If you like the Round area, I would recommend spending time on Crooked, Gillis and Tuscarora. I would push to Crooked on day one. From there, you can explore Crooked for a day, hop over to Gillis for a day, then head back to Tuscarora and spend a night there, too. You could pretty easily do this in four or five days and see some really nice lakes in the area. I'd recommend taking five days so that your day on Crooked isn't also your travel day.
Pick Ely. Or pick Gunflint Trail. Call an outfitter. Explain your wants and needs. Book a bunkhouse. Let 'em handle some of the details for you without overloading yourself. For a first trip, you need a bit of help planning. Your particular route and destination is not highly important as it will all be new and exciting.
Outfitter would be nice. We have most of the gear, but the idea of being able to get in late and use a bunkhouse is pretty appealing.
The loops out of Round look interesting as there are a ton of options and it looks like there are ways to link it without longer portages.
I think the first thing you would need to do is see what permits are available for your dates. That, by itself, may determine what type of route you will be able to do.
Are you renting equipment from an outfitter? This is the first question that you need to answer before you can narrow down your choices. If you do need to go to an outfitter, then you are going to want to stick to entry points that have an outfitter right there. There are ways to go around that and haul the gear to a different entry point, but for your first time that is an unnecessary step. Most people do that to get to a different area, but everywhere is going to be new and different for you.
After deciding on renting or not you can narrow it down to what you are comfortable with. Does big water concern you? Are you willing to travel or portage a long distance? Would you be happy with other groups in the same area as you?
Depending on those preferences, you can then start to dial it on on a few specific routes. No big water would steer you away from entry points like Brule, Saganaga, and Sea Gull. Clearwater is big too but you can always take the first portage onto Caribou and skip the open part of the lake. If you want shorter portages then you are probably not going to like the Round Lake EP's and be more interested in Sawbill, Brule, or maybe Poplar. Solitude is pretty relative, there aren't any crowds for the most part. To get away from other people though, you usually have to get a full day of travel (or two) in to the BWCA. Entry point lakes or lakes one portage away are always going to see a fair bit of traffic. Also, there are fish on every lake, it doesn't take too much to catch a couple if they are biting at all.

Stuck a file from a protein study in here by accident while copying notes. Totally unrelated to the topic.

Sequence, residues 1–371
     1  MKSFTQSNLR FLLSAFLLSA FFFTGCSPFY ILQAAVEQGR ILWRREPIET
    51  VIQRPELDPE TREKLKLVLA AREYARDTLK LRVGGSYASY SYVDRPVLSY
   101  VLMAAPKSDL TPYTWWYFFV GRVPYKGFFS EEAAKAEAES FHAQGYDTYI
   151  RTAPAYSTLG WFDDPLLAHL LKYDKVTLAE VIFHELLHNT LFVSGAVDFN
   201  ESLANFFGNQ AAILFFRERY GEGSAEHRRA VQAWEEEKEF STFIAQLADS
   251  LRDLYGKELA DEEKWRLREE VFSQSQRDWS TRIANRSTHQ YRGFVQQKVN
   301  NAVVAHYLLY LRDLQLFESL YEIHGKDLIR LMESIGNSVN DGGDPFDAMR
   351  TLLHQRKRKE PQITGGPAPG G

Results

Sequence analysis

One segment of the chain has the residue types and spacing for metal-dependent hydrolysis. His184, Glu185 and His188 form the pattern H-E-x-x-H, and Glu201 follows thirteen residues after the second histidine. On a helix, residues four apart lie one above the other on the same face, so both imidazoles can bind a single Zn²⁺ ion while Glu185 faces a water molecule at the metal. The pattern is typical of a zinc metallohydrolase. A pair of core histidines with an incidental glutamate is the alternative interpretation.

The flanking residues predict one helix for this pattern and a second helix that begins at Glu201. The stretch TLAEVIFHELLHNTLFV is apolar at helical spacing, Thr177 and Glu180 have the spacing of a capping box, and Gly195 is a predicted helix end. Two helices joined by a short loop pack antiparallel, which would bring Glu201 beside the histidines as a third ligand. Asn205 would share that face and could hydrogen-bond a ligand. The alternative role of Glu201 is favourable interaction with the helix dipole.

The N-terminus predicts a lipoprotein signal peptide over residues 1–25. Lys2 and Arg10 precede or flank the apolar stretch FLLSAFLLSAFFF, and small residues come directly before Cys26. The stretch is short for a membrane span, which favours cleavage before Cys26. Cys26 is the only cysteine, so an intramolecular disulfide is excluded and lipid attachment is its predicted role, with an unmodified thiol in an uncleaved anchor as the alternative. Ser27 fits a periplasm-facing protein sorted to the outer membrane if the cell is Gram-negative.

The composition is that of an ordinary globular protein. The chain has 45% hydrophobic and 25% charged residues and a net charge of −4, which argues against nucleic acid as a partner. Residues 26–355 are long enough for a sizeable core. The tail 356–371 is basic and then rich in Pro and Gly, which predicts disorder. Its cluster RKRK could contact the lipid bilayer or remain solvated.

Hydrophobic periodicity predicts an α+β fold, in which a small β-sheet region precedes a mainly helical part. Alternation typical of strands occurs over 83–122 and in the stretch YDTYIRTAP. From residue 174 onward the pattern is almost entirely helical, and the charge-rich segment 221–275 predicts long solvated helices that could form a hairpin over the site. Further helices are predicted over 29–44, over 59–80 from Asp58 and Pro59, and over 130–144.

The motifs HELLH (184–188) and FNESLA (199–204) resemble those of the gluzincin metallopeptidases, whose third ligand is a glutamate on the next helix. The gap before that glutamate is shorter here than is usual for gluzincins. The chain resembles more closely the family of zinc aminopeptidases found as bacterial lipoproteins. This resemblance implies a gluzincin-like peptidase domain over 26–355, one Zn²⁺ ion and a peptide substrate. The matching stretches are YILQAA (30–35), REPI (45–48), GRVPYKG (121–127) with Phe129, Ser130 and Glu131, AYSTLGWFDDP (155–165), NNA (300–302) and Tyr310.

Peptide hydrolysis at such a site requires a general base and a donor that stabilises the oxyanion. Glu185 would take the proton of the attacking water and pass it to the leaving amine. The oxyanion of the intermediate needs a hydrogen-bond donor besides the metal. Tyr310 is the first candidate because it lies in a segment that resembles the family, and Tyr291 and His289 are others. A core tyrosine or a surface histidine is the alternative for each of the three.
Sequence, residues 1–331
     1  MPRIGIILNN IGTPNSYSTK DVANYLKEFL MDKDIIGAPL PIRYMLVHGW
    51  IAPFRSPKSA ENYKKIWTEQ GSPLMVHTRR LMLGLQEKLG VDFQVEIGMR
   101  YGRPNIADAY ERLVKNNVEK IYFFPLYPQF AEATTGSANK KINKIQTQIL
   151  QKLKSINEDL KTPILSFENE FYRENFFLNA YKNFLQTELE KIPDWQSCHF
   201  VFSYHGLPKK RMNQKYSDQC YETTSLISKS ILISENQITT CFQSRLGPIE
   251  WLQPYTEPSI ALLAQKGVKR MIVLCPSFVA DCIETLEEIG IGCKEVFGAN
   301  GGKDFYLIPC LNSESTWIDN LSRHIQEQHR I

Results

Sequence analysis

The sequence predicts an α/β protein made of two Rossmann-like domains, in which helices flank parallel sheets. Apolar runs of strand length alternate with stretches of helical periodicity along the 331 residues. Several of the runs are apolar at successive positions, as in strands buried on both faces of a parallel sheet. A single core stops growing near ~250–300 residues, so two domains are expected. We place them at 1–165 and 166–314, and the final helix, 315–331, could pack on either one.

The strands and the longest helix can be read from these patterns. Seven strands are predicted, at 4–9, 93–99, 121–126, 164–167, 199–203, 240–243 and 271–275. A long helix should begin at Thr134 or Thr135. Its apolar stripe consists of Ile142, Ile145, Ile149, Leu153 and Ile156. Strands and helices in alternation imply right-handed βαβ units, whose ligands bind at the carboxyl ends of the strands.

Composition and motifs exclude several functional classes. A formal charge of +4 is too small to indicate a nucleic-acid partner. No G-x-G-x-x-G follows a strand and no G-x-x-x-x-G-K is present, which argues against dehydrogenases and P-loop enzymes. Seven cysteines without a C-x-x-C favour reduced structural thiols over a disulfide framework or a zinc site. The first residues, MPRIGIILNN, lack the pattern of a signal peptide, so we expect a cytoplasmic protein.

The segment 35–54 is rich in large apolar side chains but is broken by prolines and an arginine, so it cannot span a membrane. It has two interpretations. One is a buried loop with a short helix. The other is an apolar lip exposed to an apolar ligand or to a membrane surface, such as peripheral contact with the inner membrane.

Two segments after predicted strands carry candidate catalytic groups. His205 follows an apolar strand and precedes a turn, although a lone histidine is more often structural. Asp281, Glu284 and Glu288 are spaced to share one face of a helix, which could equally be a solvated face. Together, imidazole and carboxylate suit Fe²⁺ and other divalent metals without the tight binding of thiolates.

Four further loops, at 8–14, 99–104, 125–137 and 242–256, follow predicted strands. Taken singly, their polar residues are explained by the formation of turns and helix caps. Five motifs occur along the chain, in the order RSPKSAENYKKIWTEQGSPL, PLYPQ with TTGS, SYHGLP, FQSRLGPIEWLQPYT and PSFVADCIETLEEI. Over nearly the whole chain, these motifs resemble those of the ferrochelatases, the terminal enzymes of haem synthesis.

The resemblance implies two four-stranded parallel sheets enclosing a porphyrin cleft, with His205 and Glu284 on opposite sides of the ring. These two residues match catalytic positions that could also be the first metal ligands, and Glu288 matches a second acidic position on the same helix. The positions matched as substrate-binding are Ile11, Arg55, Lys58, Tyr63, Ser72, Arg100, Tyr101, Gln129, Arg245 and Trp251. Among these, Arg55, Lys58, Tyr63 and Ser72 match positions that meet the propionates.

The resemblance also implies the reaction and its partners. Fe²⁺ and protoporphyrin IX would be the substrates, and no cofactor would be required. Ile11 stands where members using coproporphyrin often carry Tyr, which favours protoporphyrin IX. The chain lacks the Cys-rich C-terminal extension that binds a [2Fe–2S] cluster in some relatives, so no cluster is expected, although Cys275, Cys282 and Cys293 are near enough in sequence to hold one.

Some routes that stand out to me would be, Brule to North and South Temperance. Bigger water on the way in and out, moderate traffic, but beautiful lakes and little portaging. No outfitter though
Clearwater to the Johnson Falls, heavier traffic around the famous falls but there are options to spread out a little and there are choices for different portage lengths to get away from other groups.
Poplar to Gaskin/Horseshoe. Moderate traffic and portages, nice lakes, simple trip.
Sawbill to Lady Chain. Lower traffic after leaving Alton, but there are some more difficult portages. Grace and Phoebe are beautiful lakes and worth spending some time on.
Kawishiwi to Polly/Malberg. Nice area, no outfitter, wildlife. Moderate to lower traffic, and the portages aren't too bad.
Round to Tuscarora. Long portages, but beautiful lakes. There are many lakes in this are to spread out on and multiple routes to make a loop. You don't have to go in and out the same way. Lower traffic, but it depends on if you stick to the main couple lakes. Off the usual lakes is pretty isolated.
I'd love a little help planning our first excursion into the BWCA. I've read through a ton of posts, read books and poured over maps, and I just can't seem to make up my mind. I'll settle on one area, then something else enticing pops up, and so on.
The details are these: It will be my wife, our 8 year old and me heading up one of the last weeks in August. We are all experienced outdoors people and paddlers and don't mind putting in work. We'd like to do a trip that is probably 4-5 days long and my guess is not moving every single day (rather not basecamp) to give the kid a rest. A loop route/lollipop would be ideal and I'm thinking of sticking to the middle or eastern side of the BWCA as we'd like to drive up Hwy 61 for the scenery. Fishing is not a real concern. While it would be nice, I'm not planning the trip around that. First on the priority list would be scenery/wildlife and then trying to avoid overcrowding.
Some areas I've considered are loops out of Sawbill, Poplar or Missing Link. They all look amazing, but settling on one is proving to be difficult.
Thanks in advance for the help!
And... we will also be paddling the two new canoes I built last year during lockdown!